Photographers' Blog

Passing seven billion

By Jorge Silva

It was during my eternal search for unique moments to capture that I was witness to the most spectacular and magical event – the arrival of a new life.

The United Nations announced the pending birth of the planet’s inhabitant number 7,000,000 for October 31, and that gave me the chance to work on a series of photos that became the most emotional and satisfying of my career.

The moment a baby is born is doubtless one of the most intimate and special in the life of a woman and her family, and sharing that intimacy as a privileged observer was sensational. To live that experience without having become a father yet was even more moving.

All emotions came to the surface during the birthing. The most intense pain together with the most tender caresses and great joy, all played together during the demonstration of tireless work and strength of the medical staff. They were images of the efforts necessary to give birth, and the struggle for integral health.

Inside the maternity services in Caracas I focused my story on the contrasting visions of the public health system called Barrio Adentro (Into the Shantytowns) run by doctors from the Cuban mission in Guatire, in the slums of Caracas, and that of the Aquamater Clinic, a private hospital specializing in underwater birthing in Caracas’ wealthier east.

Moments between isolation

By Bobby Yip

Those who have visited Hong Kong know how packed the buildings are, how busy the traffic is and how quickly people walk. When there was a global photo project on the world’s population reaching 7 billion, the first image that came to my mind was Mong Kok – one of the most crowded places in the world. The Guinness World Records lists Mong Kok as having a population density of 130,000 per square km or 340,000 per square mile.

Unlike the two high class shopping districts for tourists, Causeway Bay on the island side and Tsim Sha Tsui in Kowloon Peninsula, complete with world famous fashion brands, Mong Kok has a more authentic feel of the territory. Here you will find older residential buildings, smaller stores of all kinds with tags displaying cheaper prices. It’s packed with people on the pavements, crossing the streets and even sitting on the ground.

I tried to illustrate my feelings by showing many of those walking past, isolated; seeing what happened within a split second of this isolation.

Jugderdem’s backyard

By Carlos Barria

Two-year-old Jugderdem Myagmarsuren opens the door of his tent to play with his plastic scooter in the backyard. He is accompanied by sheep and cows. This is not an ordinary backyard. It’s the Mongolian steppe, and his closest friends might live more than two kms (1.2 miles) away.

While the world’s population reached 7 billion on October 31st, 2011, Mongolia remains the least densely populated country on the planet, with 2.7 million people spread across an area three times the size of France. Two-fifths of Mongolians live in rural areas spread over wind swept steppes.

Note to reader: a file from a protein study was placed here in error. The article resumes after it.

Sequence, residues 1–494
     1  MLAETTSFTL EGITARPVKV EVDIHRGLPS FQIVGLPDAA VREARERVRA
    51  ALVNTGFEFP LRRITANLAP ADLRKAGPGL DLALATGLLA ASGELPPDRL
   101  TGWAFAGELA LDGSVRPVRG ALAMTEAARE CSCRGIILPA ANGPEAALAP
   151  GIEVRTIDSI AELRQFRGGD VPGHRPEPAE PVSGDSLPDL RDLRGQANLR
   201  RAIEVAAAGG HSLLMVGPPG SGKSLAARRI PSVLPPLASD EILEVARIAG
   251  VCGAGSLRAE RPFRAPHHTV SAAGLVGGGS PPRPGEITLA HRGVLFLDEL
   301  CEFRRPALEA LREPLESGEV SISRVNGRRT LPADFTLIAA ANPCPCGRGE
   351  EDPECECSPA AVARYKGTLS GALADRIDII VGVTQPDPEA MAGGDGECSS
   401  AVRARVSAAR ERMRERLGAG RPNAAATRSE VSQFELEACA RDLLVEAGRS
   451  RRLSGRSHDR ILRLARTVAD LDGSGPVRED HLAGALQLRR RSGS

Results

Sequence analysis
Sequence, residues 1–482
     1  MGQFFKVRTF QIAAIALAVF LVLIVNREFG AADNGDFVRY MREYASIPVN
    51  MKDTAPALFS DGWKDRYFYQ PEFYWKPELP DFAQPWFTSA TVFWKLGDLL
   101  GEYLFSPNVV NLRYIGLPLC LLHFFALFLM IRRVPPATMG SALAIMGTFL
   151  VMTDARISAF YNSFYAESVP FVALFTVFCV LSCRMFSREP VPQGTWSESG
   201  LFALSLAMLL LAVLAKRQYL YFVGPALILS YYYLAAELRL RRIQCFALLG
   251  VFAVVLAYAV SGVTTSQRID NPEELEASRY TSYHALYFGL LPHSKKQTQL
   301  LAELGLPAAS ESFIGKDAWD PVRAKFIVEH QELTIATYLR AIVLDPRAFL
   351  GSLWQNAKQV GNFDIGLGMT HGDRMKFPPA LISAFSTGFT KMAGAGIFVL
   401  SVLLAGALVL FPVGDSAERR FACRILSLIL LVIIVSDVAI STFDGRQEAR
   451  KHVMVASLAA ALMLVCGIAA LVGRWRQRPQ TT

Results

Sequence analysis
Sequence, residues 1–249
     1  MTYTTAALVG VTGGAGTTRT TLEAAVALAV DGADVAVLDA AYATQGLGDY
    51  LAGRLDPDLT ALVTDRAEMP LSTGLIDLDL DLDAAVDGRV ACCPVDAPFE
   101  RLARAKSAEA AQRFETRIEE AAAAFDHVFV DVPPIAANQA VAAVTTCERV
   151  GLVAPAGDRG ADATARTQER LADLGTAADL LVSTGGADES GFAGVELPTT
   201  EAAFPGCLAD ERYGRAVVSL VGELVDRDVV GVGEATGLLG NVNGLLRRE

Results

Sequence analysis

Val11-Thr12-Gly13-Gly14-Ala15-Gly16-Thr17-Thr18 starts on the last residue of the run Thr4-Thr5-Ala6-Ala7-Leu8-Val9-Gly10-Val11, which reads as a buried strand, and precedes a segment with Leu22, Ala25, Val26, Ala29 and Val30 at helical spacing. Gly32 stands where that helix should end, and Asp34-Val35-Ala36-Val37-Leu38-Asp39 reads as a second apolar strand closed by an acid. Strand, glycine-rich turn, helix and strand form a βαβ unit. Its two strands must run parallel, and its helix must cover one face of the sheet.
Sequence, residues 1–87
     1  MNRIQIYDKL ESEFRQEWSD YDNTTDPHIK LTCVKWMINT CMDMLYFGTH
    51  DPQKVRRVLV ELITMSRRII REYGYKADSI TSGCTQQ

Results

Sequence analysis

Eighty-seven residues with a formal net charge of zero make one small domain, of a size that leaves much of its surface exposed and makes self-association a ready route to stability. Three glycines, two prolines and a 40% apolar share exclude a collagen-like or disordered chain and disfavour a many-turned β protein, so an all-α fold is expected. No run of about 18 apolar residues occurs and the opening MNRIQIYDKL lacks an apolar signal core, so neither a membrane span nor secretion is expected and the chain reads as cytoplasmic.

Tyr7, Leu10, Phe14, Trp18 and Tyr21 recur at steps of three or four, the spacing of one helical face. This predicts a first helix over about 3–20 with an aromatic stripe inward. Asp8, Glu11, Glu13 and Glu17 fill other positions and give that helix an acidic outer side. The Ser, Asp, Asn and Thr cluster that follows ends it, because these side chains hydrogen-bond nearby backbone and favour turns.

According to the National Population Center census of 2010, Mongolia’s population density increased by only 0.2 percentage points– to 1.7 persons per square kilometer—from the last census in 2000.

Jostling for space in Mumbai

By Danish Siddiqui

To live in the world’s second most populous country and city is itself an experience. When I was asked to do a feature story on the world’s population crossing the 7 billion mark, I realized it wasn’t going to be an easy task. This was simply because there were so many stories to tell in this city of dreams, Mumbai.

I chose to do a story on the living conditions of Mumbai’s migrant population who pour in to the city by the hour.

I decided to go to a slum which is inhabited mostly by migrants arriving from the northern part of India in search of a better future. Most of the migrants who live there work as taxi drivers and manual laborers. It was difficult to get access as they were always apprehensive of journalists. But I was able to convince a couple of them over a cup of tea after which they opened the doors of their one room world to me.

A village of eternal bachelors

By Vivek Prakash

With the world’s population set to hit 7 billion on October 31, photographers in India have been on the move to tell stories that talk about what those numbers really mean in a country as large as India – with 1.2 billion people and counting, this is supposed to be the world’s largest democracy.

When you take a closer look at the statistics, you find some surprising and scary figures – the ratio of female children to males born actually declined here over the last 10 years – from 933 females for every thousand males in the 2001 census, to just 914 in 2011. The combination of cheap portable ultrasound technology and a decades-old preference for male babies — who are seen as breadwinners — has enabled sex-selective abortions and made worse female infanticide. In a place as wide and as vast as India, these are things that are hard to control, no matter how illegal.

We had been trying to find ways to illustrate this for some time without much success – getting access to tell this story had been taking some time. Late last month, a story about a small village in Gujarat was brought to my attention.